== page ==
The existing NRC license failed to prevent extensive radioactive and hazardous pollution by the Westinghouse Nuclear Fuel Fabrication Facility over the last 50 years which threatens air quality, groundwater and surface water quality including the waters of Mill Creek which flows through the site and into the Congaree River;
Under the existing NRC license Westinghouse has failed to demonstrate the necessary corporate character or competence to comply with regulatory requirements. A history of spills, leaks, accidents and corporate malfeasance undermine assurance that Westinghouse will comply with future regulatory requirements under a new 40 year license;
Under the existing license the NRC has failed to exercise sufficient oversight to prevent and remedy pollution discharges and violations by Westinghouse;
Only through action by the local State authorities- SCDHEC- as recently as 2019, did Westinghouse disclose extensive radioactive and toxic contamination of groundwater at the site and sediments at the bottom of Mill Creek which flows to the Congaree River. Such sediment contamination includes radioactive Uranium and Technetium 99. The sources of such pollution remain unidentified and its extent and remediation remain incomplete. No new license should be approved until such historic pollution has been cleaned up and full corrective action to prevent future pollution has been implemented;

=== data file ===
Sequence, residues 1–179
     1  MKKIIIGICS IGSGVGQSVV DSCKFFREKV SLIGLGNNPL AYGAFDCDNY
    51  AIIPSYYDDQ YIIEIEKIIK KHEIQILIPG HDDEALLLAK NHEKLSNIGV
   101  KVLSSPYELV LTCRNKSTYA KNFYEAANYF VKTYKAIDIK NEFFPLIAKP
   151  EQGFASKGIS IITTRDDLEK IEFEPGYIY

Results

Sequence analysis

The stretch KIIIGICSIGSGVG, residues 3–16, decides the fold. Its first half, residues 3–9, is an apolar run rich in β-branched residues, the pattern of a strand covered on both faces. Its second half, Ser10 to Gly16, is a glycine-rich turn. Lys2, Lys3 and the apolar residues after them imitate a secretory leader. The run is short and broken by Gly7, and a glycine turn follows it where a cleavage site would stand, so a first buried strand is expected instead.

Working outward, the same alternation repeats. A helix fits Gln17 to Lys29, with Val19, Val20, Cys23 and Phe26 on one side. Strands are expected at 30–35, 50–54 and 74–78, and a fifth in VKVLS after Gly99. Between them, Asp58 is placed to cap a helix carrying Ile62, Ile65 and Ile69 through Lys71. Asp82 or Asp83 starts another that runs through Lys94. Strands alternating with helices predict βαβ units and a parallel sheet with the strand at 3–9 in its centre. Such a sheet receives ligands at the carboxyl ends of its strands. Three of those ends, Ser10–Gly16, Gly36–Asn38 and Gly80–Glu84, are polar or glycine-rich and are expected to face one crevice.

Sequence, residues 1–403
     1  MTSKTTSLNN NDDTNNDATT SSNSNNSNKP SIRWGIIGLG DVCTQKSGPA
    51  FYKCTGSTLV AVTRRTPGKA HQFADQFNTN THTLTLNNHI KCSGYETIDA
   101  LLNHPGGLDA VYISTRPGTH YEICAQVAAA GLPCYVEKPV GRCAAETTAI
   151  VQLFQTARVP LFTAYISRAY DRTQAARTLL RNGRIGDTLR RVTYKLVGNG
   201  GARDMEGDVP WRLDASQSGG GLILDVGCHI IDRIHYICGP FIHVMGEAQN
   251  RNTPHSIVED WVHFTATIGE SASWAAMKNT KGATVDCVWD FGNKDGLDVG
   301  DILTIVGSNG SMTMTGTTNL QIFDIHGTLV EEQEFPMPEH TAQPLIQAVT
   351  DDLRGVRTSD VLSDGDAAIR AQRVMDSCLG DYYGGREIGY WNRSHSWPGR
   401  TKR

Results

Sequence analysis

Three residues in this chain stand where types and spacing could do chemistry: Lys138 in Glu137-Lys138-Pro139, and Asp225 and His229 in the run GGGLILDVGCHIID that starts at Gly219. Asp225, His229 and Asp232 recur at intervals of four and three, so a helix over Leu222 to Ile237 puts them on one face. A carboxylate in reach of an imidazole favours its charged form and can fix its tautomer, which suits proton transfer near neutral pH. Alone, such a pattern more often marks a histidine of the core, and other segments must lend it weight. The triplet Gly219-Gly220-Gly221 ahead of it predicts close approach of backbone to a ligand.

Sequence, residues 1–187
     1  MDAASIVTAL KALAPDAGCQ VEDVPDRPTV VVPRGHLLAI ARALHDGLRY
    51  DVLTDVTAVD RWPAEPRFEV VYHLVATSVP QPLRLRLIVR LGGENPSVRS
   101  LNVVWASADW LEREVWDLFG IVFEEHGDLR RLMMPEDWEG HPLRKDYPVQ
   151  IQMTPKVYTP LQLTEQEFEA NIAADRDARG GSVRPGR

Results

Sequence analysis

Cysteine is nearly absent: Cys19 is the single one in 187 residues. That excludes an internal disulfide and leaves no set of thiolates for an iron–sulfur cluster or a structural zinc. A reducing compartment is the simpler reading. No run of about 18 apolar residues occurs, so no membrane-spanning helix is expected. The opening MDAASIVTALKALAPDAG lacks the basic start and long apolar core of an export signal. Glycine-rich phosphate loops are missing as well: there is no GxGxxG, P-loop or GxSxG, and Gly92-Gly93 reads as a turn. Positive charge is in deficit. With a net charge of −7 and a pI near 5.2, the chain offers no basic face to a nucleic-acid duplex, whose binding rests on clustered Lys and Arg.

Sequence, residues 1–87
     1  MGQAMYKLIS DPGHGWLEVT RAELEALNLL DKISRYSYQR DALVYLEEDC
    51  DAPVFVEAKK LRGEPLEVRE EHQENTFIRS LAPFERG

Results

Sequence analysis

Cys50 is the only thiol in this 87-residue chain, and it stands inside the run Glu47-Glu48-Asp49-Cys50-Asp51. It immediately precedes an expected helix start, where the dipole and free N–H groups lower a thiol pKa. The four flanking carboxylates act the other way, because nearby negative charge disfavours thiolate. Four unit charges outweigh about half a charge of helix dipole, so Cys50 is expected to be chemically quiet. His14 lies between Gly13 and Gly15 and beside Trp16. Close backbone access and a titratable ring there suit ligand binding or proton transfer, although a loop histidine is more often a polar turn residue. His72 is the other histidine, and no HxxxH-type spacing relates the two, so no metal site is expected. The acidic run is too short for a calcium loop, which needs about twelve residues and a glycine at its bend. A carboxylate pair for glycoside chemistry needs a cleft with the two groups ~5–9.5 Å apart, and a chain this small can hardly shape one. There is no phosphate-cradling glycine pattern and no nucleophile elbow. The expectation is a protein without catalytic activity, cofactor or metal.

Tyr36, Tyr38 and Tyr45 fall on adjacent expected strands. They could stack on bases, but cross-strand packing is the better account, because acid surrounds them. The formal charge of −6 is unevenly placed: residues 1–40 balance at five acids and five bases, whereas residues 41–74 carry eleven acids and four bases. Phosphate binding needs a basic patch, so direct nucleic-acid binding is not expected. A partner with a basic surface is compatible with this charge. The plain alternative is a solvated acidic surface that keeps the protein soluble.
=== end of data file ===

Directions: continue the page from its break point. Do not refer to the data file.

5. The NRC and Westinghouse have failed to comply with Environmental Justice regulatory requirements. While acknowledging that the Westinghouse Nuclear Fuel Fabrication Facility is sited in a predominately African American and low income residential community, with numerous additional sources of environmental hazard including an adjacent Superfund Hazardous Waste Site and the nearby Wateree coal-fired power plant, NRC and Westinghouse have failed to properly address the disproportionate and harmful impacts of future facility operations on the Environmental Justice (EJ) community or poverty area, including the cumulative and synergistic impacts of other sources. The NRC and Westinghouse have failed to properly assess the heightened impacts of facility pollution on subsistence hunting and fishing by members of the impoverished community in areas adjacent to the facility boundaries. Over the last 50 years of facility operations the NRC and Westinghouse have failed to effectively engage the local community to facilitate effective understanding of facility operations and impacts and effective public participation in facility regulation. Hopkins is designated by Health Resources and Services Administration (HRSA) as a medically underserved area (MUA) and medically underserved population (MUP). As such, it deserves better protection from additional health threats.